Update on payments for sleep-in shifts in social care: February 2019

The purpose of this briefing is to update councils on latest developments regarding payment of overnight sleep-in shifts in adult social care. Although this briefing focuses on adults, the issue is also relevant to children’s services.


Significant confusion has arisen because of the interpretations by the tribunals of the 2015 National Minimum Wage Regulations and 2015 and 2016 Government guidance on sleep-in payments. This frustrating lack of clarity has caused uncertainty in the provider market and a great deal of anxiety for care workers and those who receive care.

The LGA supports care workers being paid fairly for the work they do. Since 2016, we have highlighted to Ministers the likely consequences across the system should there be no Government funding to deal with historic, current and future higher costs from sleep-in payments.

Royal Mencap Sociey Court of Appeal Case

  • The Court of Appeal has overturned the decision of the EAT in the case of Royal Mencap Society v Tomlinson-Blake.
  • The Court held that workers doing sleep-ins were to be characterised for the purpose of the National Minimum Wage (NMW) Regulations as available for work rather than actually working, and so fall within the exception provided by regulation 32(2). Therefore, only time when the worker is required to be awake for the purposes of working would count for the NMW.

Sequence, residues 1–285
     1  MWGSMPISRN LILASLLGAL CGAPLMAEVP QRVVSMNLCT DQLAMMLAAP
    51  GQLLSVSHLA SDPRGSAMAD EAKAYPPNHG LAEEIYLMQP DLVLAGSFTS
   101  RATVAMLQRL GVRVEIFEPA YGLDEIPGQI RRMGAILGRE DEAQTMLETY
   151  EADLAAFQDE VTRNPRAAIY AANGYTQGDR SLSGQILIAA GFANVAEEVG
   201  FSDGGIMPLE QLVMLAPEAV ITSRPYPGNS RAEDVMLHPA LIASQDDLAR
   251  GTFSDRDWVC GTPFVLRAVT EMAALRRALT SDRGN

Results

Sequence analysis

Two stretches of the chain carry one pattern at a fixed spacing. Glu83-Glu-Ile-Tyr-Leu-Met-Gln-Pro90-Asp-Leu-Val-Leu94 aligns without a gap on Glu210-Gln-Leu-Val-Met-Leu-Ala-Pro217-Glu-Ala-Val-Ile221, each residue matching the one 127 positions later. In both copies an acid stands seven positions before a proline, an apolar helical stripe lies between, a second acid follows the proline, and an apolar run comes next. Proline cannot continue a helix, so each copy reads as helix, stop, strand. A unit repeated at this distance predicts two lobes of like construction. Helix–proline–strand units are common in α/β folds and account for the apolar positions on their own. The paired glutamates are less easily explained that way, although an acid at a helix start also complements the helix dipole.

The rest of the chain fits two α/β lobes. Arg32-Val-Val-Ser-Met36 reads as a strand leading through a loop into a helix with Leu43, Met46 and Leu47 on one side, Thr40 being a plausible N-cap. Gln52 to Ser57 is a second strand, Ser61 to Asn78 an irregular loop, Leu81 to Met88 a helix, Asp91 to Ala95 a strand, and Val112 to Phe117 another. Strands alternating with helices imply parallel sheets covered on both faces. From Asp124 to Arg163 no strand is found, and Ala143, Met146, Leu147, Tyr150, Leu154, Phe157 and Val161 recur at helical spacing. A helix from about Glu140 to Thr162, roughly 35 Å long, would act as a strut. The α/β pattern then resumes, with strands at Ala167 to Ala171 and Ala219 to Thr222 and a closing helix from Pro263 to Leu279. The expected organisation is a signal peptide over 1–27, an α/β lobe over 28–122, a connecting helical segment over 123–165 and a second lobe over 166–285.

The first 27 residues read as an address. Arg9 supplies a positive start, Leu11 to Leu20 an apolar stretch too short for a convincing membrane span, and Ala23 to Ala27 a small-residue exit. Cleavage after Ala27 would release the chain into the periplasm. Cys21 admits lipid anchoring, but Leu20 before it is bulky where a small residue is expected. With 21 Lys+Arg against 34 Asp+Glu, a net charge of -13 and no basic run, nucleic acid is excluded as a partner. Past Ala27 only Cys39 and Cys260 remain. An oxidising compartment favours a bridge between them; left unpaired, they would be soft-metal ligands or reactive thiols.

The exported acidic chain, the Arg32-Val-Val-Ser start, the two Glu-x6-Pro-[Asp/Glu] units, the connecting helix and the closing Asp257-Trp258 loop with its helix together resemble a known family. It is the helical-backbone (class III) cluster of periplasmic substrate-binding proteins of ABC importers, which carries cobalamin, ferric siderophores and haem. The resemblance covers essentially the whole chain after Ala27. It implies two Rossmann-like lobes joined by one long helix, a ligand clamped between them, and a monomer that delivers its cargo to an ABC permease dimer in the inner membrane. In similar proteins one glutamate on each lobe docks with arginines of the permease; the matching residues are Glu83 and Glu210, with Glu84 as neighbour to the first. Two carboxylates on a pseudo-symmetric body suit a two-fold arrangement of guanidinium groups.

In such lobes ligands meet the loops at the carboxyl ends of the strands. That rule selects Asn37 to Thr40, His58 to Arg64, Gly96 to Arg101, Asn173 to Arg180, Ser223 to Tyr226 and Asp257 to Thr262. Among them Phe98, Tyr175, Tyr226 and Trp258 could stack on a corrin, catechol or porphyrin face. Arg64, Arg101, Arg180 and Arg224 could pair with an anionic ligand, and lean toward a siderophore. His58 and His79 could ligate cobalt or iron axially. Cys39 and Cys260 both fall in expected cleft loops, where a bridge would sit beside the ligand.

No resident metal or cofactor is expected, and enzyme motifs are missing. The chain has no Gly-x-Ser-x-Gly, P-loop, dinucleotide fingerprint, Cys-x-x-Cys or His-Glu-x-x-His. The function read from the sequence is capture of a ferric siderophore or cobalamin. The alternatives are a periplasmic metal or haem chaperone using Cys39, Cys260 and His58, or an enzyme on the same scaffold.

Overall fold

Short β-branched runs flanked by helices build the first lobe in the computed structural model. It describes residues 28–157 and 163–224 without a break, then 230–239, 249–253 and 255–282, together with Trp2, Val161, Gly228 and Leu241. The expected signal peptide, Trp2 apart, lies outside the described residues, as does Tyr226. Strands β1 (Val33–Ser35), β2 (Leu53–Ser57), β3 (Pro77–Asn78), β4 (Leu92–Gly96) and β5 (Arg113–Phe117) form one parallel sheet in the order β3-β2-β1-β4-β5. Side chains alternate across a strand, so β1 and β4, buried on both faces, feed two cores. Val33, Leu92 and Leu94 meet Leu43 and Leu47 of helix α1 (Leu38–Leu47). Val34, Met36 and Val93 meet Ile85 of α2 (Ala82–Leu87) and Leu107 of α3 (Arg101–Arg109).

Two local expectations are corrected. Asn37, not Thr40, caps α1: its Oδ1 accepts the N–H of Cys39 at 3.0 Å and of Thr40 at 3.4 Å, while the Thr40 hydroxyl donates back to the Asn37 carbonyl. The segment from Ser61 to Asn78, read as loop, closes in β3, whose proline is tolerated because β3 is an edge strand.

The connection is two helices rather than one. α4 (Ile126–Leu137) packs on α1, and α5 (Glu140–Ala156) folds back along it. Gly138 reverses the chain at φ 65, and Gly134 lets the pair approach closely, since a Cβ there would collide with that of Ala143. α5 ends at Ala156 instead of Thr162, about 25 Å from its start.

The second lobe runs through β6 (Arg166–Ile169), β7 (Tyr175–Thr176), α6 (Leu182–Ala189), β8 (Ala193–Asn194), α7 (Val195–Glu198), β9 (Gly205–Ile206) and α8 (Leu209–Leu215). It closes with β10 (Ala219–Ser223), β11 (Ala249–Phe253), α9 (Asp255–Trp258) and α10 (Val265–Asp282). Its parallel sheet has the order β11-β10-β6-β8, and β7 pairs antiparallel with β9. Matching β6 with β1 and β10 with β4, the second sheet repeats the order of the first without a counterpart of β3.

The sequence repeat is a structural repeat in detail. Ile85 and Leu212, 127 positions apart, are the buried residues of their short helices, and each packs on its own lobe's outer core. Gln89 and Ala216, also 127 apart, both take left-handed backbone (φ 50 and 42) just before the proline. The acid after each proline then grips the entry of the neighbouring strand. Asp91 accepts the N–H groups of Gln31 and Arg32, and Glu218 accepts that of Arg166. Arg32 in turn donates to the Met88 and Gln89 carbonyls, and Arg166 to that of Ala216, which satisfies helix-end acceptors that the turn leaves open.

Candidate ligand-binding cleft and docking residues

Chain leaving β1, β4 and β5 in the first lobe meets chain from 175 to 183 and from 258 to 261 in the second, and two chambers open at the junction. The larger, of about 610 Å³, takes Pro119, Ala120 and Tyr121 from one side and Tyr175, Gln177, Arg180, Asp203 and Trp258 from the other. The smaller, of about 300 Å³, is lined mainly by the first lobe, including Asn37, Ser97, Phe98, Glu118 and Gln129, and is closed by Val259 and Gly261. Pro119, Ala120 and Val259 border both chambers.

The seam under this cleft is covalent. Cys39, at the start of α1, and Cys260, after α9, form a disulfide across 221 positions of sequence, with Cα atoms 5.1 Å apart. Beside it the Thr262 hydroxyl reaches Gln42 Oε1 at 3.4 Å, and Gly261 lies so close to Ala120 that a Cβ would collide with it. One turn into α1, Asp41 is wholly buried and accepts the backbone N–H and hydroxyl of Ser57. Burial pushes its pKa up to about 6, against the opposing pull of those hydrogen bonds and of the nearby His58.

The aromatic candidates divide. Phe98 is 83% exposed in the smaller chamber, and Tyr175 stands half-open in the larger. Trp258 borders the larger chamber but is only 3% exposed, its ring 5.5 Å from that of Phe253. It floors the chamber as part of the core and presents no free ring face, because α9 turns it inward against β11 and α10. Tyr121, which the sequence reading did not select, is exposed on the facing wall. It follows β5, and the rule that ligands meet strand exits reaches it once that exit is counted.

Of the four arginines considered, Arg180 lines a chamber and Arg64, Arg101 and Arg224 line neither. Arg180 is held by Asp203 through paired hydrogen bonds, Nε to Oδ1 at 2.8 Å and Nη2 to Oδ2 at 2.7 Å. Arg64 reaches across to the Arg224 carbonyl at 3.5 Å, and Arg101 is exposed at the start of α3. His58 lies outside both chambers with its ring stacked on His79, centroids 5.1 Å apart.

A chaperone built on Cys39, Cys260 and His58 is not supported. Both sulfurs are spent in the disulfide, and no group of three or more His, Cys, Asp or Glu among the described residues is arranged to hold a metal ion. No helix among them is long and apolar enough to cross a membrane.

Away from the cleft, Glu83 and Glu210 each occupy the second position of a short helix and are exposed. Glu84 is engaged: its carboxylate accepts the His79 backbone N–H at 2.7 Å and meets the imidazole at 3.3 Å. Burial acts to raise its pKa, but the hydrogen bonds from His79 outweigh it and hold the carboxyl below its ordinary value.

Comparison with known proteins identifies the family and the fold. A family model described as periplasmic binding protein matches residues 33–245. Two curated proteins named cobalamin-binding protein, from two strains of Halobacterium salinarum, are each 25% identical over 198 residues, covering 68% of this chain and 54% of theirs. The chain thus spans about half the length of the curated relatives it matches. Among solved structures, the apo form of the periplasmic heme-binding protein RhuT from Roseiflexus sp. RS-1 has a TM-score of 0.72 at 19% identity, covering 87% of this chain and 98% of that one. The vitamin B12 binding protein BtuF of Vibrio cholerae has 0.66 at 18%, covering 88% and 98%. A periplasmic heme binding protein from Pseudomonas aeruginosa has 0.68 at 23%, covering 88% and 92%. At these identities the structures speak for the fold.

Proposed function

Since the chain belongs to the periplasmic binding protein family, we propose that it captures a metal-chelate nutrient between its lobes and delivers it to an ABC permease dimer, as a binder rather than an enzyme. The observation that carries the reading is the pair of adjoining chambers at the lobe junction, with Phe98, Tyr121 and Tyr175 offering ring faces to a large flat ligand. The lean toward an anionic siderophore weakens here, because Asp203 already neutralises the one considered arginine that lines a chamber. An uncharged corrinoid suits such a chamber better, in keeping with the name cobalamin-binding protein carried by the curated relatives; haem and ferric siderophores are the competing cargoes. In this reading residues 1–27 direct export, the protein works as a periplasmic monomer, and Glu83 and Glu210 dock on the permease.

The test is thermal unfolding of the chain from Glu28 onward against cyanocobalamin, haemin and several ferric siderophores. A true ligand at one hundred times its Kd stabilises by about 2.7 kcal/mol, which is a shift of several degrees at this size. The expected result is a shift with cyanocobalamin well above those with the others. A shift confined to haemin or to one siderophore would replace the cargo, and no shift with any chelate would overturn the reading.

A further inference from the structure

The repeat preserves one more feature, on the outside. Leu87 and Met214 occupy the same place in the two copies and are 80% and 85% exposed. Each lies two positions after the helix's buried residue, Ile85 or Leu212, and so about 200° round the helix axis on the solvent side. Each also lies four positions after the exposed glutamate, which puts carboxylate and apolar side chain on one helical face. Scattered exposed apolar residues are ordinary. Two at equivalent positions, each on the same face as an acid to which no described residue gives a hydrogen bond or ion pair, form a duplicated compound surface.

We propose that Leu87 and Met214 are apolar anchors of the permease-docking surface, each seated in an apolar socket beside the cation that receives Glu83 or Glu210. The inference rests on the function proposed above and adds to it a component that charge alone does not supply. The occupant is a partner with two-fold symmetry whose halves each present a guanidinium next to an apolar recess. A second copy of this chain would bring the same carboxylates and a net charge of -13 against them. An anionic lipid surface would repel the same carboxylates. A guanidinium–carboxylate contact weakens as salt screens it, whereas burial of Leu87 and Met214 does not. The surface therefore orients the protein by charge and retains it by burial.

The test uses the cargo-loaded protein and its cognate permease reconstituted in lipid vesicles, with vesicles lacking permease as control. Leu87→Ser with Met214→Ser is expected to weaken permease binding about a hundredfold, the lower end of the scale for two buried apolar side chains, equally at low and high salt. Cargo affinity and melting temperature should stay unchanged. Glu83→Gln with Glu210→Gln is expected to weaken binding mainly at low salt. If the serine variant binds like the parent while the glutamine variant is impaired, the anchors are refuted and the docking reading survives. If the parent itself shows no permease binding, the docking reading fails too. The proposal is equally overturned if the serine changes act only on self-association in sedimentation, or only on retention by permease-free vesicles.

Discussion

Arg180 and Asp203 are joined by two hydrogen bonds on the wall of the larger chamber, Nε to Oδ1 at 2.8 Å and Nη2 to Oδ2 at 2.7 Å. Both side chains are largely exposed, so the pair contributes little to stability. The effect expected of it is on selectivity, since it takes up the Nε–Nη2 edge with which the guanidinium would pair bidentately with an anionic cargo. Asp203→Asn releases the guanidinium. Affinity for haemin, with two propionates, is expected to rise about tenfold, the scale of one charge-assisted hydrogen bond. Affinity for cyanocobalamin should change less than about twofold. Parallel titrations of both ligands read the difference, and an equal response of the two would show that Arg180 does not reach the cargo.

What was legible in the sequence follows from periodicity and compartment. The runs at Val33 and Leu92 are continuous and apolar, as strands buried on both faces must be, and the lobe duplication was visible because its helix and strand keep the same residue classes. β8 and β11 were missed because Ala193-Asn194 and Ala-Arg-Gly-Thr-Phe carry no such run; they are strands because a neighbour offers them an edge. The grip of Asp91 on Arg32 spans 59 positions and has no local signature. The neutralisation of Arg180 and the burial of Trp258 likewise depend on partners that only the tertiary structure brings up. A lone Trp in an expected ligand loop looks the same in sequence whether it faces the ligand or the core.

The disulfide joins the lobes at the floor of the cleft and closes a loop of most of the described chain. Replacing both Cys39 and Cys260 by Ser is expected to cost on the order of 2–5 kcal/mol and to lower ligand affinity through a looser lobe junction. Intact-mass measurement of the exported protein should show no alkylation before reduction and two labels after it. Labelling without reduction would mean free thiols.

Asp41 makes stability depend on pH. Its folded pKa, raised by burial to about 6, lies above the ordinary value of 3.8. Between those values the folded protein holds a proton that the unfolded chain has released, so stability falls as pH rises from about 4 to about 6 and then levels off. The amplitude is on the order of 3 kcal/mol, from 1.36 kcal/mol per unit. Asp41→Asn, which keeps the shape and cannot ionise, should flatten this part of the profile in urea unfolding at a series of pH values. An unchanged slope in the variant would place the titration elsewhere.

• The LGA successfully applied for permission to intervene in the Royal Mencap Society’s appeal. We emphasised that we support fair pay for all care workers, but the financial consequences for councils could be significant if the court decided that the law required sleep-in care workers to be paid the NMW for their entire shift in view of the significant funding pressures facing social care.
  • In November 2018 the Department for Business, Energy and Industrial Strategy (BEIS) published updated guidance on calculating the NMW for sleep-in shifts. This takes account of the Court of Appeal ruling that providers do not have to pay the national minimum wage for sleep-in shifts.
  • HMRC’s ‘social care compliance scheme ’, which was set up in November 2017 to help employers identify sleep-in back payments, has not been suspended and employers remain uncertain about their status in relation to the scheme.
  • On 13 February 2019, the Supreme Court granted Unison leave to appeal the Court of Appeal judgment. We have been informed that the Supreme Court hearing will not take place before October 2019, but the actual timetable is yet to be confirmed.

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Update on payments for sleep-in shifts in social care: February 2019